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Spring 2014 Program Analysis and Verification Lecture 14: Numerical Abstractions - PowerPoint PPT Presentation

Spring 2014 Program Analysis and Verification Lecture 14: Numerical Abstractions. Roman Manevich Ben-Gurion University. Syllabus. Previously. Composing abstract domains (and GCs) Widening and narrowing Interval domain. Today. Abstractions for properties of numeric variables

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Spring 2014Program Analysis and Verification

Lecture 14: Numerical Abstractions

Roman Manevich

Ben-Gurion University

Composing abstract domains (and GCs)

Widening and narrowing

Interval domain

• Abstractions for properties of numeric variables

• Classification:

• Relational vs. non-relational

• Equalities vs. non-equalities

• Zones

By Quilbert (own work, partially derived from en:Image:Poly.pov) [GPL (http://www.gnu.org/licenses/gpl.html)], via Wikimedia Commons

• Goal: infer numeric properties of program variables (integers, floating point)

• Applications

• Detect division by zero, overflow, out-of-bound array access

• Help non-numerical domains

• Classification

• Non-relational

• (Weakly-)relational

• Equalities / Inequalities

• Linear / non-linear

• Exotic

• Abstract each variable individually

• Constant propagation [Kildall’73]

• Intervals (Box)

• Covered in lecture 13

• Sign

• Parity (congruences)

• Assignment 3: arithmetic progressions

neg

pos

0

Concrete lattice: C = (2State, , , , , State)

Sign = {, neg, 0, pos, }

GCC,Sign=(C, , , Sign)

() = ?

(neg) = ?

(0) = ?

(pos) = ?

() = ?

How can we represent 0?

Check at home:

Abstract transformer is complete

Check at home:

Abstract transformer is not complete

E

O

Concrete lattice: C = (2State, , , , , State)

Parity = {, E, O, }

GCC,Parity=(C, , , Parity)

() = ?

(E) = ?

(O) = ?

() = ?

y

6

5

y  [3,6]

4

3

2

1

0

1

2

3

4

x

• x  [1,4]

• Cannot prove properties that hold simultaneous for several variables

• x = 2*y

• x ≤ y

Practical aspectsof Non relational abstractions

• Abstract domain for variables x1,…,xn is the Cartesian product of a mini-domain for one variable D[x]

• D[x1]  …  D[xn]

• Need to implement join, meet, widening, narrowing just for mini-domain

• Usually a non-relational is associated with a Galois Insertion

• No reduction required

• The Cartesian product is a reduced product

Let remove(S, x) be the operation that removes the factoid associated with x from S

Let factoid(S, x) be the operation that returns the factoid associated with xin S

x := c# S = remove(S, x)  ({[xc]})

x := y# S = remove(S, x)  {factoid(S, y)[x/y]}

x := y+c# S = remove(S, x)  {factoid(S, y)[x/y] + c}

x := y+z# S = remove(S, x)  {factoid(S, y)[x/y] + factoid(S, z)[x/z]}

x := y*c# S = remove(S, x)  {factoid(S, y)[x/y] * c}

x := y*z# S = remove(S, x)  {factoid(S, y)[x/y] * factoid(S, z)[x/z]}

Sound assumetransformers

assumex=c# S = S  ({[xc]})

assumex<c# S = …

assumex=y# S = S  {factoid(S, y)[x/y]}  {factoid(S, x)[y/x]}

assumexc# S = if S  ({[xc]}) then  else S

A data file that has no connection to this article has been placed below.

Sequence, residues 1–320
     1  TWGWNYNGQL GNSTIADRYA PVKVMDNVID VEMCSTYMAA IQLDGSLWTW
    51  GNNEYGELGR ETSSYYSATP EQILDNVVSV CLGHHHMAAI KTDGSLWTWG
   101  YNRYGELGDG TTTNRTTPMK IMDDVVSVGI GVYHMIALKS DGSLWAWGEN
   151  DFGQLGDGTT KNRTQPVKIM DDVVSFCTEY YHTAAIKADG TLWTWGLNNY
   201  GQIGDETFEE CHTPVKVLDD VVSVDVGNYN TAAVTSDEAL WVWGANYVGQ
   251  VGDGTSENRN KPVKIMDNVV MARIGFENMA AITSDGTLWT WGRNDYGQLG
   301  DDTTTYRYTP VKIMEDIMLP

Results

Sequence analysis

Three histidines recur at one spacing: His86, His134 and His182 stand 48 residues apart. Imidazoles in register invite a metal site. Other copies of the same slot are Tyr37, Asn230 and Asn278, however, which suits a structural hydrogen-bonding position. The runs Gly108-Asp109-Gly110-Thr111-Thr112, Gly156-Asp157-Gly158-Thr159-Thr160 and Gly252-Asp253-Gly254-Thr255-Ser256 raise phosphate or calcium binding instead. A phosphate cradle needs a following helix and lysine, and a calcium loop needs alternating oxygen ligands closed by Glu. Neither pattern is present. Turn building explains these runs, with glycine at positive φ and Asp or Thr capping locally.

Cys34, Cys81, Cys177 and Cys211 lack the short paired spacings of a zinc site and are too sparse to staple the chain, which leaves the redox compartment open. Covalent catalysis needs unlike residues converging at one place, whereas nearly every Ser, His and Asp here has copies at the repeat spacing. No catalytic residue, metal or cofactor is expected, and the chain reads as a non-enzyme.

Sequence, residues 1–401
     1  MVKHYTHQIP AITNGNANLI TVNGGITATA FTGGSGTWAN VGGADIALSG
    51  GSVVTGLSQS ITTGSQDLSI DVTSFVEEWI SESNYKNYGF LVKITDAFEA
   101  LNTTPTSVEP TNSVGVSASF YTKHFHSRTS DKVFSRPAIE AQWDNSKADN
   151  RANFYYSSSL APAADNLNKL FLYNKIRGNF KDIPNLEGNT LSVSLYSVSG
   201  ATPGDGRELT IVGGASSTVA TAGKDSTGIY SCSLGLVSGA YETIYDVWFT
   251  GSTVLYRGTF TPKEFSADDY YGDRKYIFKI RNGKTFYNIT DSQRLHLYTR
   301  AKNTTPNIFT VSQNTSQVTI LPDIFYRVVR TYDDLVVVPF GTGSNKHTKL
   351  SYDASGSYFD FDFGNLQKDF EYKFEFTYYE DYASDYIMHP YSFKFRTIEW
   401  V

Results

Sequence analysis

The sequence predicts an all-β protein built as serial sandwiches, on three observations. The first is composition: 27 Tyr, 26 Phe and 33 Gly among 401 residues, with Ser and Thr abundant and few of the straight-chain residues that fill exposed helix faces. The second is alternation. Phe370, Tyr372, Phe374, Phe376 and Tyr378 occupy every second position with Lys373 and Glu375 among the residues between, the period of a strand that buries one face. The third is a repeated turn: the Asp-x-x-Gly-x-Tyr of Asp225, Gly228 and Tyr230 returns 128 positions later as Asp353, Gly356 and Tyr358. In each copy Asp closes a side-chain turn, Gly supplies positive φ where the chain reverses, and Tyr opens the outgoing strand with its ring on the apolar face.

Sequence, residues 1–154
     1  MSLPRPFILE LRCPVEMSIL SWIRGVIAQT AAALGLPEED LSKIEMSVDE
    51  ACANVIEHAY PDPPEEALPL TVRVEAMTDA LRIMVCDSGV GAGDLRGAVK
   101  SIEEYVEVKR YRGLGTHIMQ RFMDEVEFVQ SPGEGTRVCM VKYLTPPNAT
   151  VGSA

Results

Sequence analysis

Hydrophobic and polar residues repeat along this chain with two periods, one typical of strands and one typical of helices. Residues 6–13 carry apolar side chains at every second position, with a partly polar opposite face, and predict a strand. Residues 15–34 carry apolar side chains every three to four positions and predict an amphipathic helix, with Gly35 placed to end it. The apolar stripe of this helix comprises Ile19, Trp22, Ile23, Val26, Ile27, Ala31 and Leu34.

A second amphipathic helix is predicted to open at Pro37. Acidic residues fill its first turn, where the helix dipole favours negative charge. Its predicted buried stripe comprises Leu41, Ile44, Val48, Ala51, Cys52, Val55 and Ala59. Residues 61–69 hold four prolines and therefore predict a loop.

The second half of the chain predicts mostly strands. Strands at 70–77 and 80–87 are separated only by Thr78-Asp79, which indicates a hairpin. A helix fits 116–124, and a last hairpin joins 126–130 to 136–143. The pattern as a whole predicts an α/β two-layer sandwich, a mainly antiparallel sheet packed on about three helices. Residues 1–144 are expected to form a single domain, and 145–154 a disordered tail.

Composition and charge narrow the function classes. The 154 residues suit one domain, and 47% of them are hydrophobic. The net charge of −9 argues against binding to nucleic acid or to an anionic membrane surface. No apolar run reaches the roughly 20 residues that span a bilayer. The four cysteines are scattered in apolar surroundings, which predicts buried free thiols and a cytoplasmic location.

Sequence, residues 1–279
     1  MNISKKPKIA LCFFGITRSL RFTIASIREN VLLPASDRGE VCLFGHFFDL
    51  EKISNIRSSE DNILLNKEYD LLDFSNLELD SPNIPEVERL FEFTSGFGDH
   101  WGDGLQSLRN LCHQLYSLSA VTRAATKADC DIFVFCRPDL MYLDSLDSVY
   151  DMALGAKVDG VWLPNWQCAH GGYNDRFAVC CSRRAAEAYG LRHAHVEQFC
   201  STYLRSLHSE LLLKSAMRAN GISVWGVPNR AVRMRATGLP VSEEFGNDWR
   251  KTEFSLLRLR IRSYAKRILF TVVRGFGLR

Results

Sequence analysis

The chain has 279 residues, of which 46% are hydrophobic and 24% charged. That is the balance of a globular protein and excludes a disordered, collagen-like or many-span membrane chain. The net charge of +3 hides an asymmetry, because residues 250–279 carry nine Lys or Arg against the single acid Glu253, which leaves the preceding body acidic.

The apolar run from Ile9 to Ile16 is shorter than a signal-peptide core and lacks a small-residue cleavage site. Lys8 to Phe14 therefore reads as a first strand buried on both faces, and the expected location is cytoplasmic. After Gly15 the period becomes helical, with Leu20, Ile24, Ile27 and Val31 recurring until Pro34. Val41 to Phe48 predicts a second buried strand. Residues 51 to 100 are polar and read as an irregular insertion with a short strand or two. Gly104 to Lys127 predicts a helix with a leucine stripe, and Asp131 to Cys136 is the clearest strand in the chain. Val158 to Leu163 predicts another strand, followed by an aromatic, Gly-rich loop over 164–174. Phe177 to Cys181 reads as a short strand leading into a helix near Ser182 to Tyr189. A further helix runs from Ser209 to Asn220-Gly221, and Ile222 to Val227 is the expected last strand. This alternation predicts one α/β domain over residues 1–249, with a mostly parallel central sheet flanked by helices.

Relational abstractions

• Represent correlations between all program variables

• Polyhedra

• Linear equalities

• When correlations exist only between few variables (usually 2) we say that the abstraction is weakly-relational

• Linear relations example (discussed in class)

• Zone abstraction (next)

• Octagons

• Two-variable polyhedra

• Usually abstraction is defined as the reduced product of the abstract domain for any pair of variables

y

6

x ≤ 4

−x ≤ −1

y ≤ 3

−y ≤ −1

x − y ≤ 1

5

4

3

2

1

0

1

2

3

4

x

Maintain bounded differences between a pair of program variables (useful for tracking array accesses)

Abstract state is a conjunction of linear inequalities of the form x-yc

x ≤ 4

−x ≤ −1

y ≤ 3

−y ≤ −1

x − y ≤ 1

Add a special V0 variable for the number 0

Represent non-existent relations between variables by +entries

Convenient for defining the partial order between two abstract elements… =?

x ≤ 4

−x ≤ −1

y ≤ 3

−y ≤ −1

x − y ≤ 1

M1 =

x ≤ 5

−x ≤ −1

y ≤ 3

x − y ≤ 1

M2 =

How should we order M1 M2?

x ≤ 4

−x ≤ −1

y ≤ 3

−y ≤ −1

x − y ≤ 1

M1 =

x ≤ 2

−x ≤ −1

y ≤ 0

x − y ≤ 1

M2 =

How should we join M1 M2?

x ≤ 4

−x ≤ −1

y ≤ 3

−y ≤ −1

x − y ≤ 1

M1 =

x ≤ 5

−x ≤ −1

y ≤ 3

x − y ≤ 1

M2 =

How should we widen M1M2?

x ≤ 4

−x ≤ −1

y ≤ 3

−y ≤ −1

x − y ≤ 1

V0

3

-1

-1

3

x

y

1

Can we tell whether a system of constraints is satisfiable?

A vertex per variable

A directed edge with the weight of the inequality

Enables computing semantic reduction by shortest-path algorithms

Apply the following rule repeatedlyx - y ≤ c y - z ≤ d x - z ≤ e x - z ≤ min{e, c+d}

When should we stop?

Theorem 3.3.4. Best abstraction of potential sets and zones m∗ = (Pot ◦ Pot)(m)

• captures relationships common in programs (array access)

Abstract state is an intersection of linear inequalities of the form x yc

Some inequality-basedrelational domains

policy iteration

• Simple congruences [Granger’89]: y=a mod k

• Linear relations: y=a*x+b

• Join operator a little tricky

• Linear equalities [Karr’76]: a1*x1+…+ak*xk = c

• Polynomial equalities:a1*x1d1*…*xkdk + b1*y1z1*…*ykzk+ … = c

• Some good results are obtainable whend1+…+dk < n for some small n

Next lecture:alias analysis